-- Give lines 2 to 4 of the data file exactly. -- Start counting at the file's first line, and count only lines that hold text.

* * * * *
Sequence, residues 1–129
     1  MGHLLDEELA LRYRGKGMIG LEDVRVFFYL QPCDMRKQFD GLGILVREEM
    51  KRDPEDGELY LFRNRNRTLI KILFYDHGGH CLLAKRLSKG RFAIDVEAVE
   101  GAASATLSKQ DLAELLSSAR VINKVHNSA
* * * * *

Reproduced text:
     1  MGHLLDEELA LRYRGKGMIG LEDVRVFFYL QPCDMRKQFD GLGILVREEM
    51  KRDPEDGELY LFRNRNRTLI KILFYDHGGH CLLAKRLSKG RFAIDVEAVE
   101  GAASATLSKQ DLAELLSSAR VINKVHNSA